Three decades later, apparently some horrendous crisis caught up with him and his wife–some of his friends or associates may know what it was–and they chose to take the route of suddenly ending the problem in the bedroom of a local hotel, with two pistols. Needless to say, the shock of their passing was widespread across our valley, not because of his celebrity, but because they were nice people. He and his wife were genuinely mourned in the several communities in which they were active.

    It didn’t matter that their passing was both unexpected and sudden. What did matter, at least to me, was the true loss we all felt.

    On the anniversary of their passing, I go to YouTube and I play a song written by a late Hawaiian artist that our friend played on the air every morning for many weeks, following a vacation he and his wife took in Hawaii. In those moments, suddenly and unexpectedly have no meaning to me. I just miss them.

    • Thanks for sharing that story, Jim. I would imagine it really rocked your world, particularly because you met him That’s tragic.

  11. Hmm…good question. I don’t read that many obituaries but when I do, typically I am reading one of an older relative so they are usually neither sudden nor unexpected. Both words pique curiosity because the inner detective is trying to figure out what that means. However, the inner detective quickly begins rationalizing by saying “Oh, he must have had a heart attack or something,” etc.

    I’ll be curious to see other people’s perspectives. If I have to use one of the two words, I would gravitate toward “unexpectedly”. Many years ago I lost an Uncle due to a terrible accident when a tree fell on him. However, I don’t have a copy of an obit to know how that was handled. But if I were going to use either of the 2 words, I would go with unexpectedly. Somehow it softens the blow, just a little, moreso than the abrupt ‘suddenly’.

    That could be a tool for a writer–I can picture a mystery solver character in a book reading an obituary during the course of their investigation and seeing it written as the person died “suddenly”, which might clue the character in that whoever wrote the obit wasn’t close to the deceased.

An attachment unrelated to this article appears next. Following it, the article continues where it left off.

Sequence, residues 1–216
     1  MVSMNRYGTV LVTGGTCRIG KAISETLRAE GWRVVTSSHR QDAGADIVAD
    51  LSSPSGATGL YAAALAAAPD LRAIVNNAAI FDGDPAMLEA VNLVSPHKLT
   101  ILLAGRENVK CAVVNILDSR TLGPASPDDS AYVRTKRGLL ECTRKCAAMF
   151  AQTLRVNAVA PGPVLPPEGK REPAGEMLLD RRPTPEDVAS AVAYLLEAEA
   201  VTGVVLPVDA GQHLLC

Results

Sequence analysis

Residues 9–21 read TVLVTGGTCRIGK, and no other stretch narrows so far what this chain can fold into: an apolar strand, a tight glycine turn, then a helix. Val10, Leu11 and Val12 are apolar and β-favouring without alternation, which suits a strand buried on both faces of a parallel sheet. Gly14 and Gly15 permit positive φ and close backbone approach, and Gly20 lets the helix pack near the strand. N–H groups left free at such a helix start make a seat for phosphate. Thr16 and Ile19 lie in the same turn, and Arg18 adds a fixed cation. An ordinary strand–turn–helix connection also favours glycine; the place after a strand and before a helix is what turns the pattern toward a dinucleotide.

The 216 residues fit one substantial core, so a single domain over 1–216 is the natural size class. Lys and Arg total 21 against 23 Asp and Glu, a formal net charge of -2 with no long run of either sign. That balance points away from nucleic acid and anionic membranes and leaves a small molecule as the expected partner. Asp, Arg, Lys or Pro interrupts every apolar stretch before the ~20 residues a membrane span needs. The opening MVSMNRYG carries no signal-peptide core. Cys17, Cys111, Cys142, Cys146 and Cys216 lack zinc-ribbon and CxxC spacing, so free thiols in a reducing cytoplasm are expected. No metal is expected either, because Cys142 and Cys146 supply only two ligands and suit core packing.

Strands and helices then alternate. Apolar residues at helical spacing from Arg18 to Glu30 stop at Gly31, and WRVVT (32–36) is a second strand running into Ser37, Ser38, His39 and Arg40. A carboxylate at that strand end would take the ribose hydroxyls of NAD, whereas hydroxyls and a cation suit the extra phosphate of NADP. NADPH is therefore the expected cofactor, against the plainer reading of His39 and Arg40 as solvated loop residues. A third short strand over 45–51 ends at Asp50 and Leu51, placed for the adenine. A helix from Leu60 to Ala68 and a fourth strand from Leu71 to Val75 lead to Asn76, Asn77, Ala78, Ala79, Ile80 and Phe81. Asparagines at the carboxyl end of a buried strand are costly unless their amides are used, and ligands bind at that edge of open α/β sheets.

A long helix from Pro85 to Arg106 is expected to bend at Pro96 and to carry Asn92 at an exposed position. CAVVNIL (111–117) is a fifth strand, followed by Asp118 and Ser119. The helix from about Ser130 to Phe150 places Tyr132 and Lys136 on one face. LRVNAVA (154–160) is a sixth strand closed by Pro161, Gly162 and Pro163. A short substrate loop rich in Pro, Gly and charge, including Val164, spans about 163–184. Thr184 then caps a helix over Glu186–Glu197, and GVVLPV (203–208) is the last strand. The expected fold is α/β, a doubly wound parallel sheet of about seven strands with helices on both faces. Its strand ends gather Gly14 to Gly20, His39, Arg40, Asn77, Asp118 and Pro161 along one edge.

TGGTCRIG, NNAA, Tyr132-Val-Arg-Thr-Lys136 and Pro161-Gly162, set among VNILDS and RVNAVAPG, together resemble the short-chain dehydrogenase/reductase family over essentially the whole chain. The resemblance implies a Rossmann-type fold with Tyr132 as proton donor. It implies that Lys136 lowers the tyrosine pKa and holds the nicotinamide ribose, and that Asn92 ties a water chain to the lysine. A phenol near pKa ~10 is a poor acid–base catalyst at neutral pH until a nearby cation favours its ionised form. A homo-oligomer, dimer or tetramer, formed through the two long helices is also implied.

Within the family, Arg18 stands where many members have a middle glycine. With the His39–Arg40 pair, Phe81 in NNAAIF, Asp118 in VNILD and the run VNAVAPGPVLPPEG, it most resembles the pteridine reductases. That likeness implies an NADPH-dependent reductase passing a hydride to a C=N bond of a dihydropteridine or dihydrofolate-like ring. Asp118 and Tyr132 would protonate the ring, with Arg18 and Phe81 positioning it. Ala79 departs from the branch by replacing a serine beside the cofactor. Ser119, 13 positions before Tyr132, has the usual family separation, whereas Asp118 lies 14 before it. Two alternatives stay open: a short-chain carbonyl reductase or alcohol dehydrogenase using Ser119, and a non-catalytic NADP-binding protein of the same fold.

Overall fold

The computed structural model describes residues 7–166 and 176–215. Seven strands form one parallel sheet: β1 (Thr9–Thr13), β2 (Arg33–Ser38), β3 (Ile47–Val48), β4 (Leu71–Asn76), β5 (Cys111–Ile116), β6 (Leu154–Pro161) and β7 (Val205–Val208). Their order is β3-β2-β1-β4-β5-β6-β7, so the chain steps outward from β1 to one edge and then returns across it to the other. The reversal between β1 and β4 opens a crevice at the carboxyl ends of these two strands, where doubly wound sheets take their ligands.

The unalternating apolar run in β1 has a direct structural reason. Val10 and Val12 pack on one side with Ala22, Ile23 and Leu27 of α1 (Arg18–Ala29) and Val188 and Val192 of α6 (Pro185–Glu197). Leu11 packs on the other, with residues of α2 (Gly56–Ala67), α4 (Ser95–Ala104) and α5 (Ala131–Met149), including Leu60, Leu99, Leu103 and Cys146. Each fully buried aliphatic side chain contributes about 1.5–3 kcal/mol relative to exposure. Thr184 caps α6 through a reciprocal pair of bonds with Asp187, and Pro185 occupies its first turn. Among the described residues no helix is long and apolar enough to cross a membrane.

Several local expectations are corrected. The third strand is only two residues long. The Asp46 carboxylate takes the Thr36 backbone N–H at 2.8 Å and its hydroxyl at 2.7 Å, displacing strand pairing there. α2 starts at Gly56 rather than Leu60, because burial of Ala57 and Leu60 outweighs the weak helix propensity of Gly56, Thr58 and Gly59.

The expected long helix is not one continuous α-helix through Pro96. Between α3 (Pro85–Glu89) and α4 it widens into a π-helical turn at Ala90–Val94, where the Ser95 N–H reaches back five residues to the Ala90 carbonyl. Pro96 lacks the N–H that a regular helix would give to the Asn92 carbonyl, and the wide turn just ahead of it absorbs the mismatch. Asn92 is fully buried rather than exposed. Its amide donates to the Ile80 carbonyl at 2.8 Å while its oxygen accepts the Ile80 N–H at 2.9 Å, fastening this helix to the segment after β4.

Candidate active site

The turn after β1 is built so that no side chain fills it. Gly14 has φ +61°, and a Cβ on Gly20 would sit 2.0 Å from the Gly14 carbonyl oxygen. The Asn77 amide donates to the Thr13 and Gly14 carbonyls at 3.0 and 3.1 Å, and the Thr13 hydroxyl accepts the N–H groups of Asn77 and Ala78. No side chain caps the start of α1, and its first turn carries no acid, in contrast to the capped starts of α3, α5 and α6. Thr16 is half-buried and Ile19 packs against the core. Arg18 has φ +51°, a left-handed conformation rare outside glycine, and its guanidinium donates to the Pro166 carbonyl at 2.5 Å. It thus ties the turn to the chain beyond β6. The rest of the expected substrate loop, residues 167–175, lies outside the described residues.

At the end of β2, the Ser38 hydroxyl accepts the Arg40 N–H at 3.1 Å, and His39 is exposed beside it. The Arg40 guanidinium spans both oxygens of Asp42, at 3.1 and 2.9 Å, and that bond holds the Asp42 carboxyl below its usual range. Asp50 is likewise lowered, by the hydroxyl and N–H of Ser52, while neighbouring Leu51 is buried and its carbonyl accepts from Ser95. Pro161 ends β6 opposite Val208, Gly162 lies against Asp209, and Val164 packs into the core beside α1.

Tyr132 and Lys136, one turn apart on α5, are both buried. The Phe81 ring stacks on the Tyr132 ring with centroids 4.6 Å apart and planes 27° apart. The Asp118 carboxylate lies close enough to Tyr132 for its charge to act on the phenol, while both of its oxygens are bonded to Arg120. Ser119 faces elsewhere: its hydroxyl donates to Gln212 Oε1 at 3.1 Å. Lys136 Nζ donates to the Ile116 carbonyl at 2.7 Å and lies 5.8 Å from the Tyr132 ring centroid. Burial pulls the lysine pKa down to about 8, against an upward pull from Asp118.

Oh boy. Now I can see I’m going to want to go traipsing off & reading obits so I can see what the patterns are. LOL!

    • Thanks for sharing, BK. I’m sorry about your uncle. I do some of my own tree work and have had a couple of near hits even though I was being careful at the time. It must have been a shock. Also, thank you for sharing your story idea!

  12. Hi, Joe

    Condolences on the loss of your friend. To me, “suddenly” and “unexpectedly” also both imply a not of their own volition aspect to the death. Passed away is more neutral; though, just like when a coworker suddenly resigns, we want to know more about why/how. I liked your sunrise and sunset solution.

    Died from natural causes would be more specific without too much information.

    Thanks for a very thought-provoking post, which, among other things, proves that words do indeed matter 🙂

    Have a fine time off!

    • Hi Dale, thanks so much for your kind words which are much appreciated. I like your “natural causes” solution.

      Re: the co-worker resigning…I agree. A radio personality who I have been listening to for decades suddenly announced his retirement this week and I’m wondering why as well since no reason was given. Not that he didn’t deserve a break after a quarter-century…

  13. I’d argue it’s “time” versus “emotional reaction to event,” but, frankly, both words are useless and can be deleted except in rare cases. Almost everything is both sudden and unexpected according to human nature. We are a species who never grow out of being surprised at a world filled with “peek-a-boo” moments.

  14. Thank you, Marilynn. Actually, my next post, which I am working on now, is going to discuss one of those moments…

  15. Losing a friend is hard, Joe, and takes time to process. In our town, the cause of death is never listed…oh, and by the way, when I get my paper I first read the obits then the comic strips. Every. Time. Although yesterday there was an obit that read: died suddenly of natural causes. The family must have thought readers would suspect suicide and wanted to make it clear.

    I always look forward to your Saturdays and will miss you while you’re gone.

  16. Thank you so much, Patricia. You are easy to please. I don’t get a paper — I read the obits online — but if I did I would certainly read the comic strips and probably stop there…

    I will miss you as well. Be safe. See you soon!

  17. I am sorry for the loss of your friend, Mr. Hartlaub, but I have to agree – I cannot imagine a better way to go.

  18. As it turns out, I lost my best friend to cancer about two weeks ago. I truly do feel our mutual pain. He and I did all the bad boy teenage things as we grew up together. We grew apart as life happened, but I still love him like a brother.

    Now: unexpectedly is out because it says nothing. Suddenly. There is only one proper use of the word and that is as the title of a rather good Frank Sinatra movie. My friends wife offers a good way to handle this in obits. Say what happened. He died in his sleep of a heart attack, as an example.

  19. Brian, I am so sorry for your loss. That has to cut deep. Thanks for sharing and be well.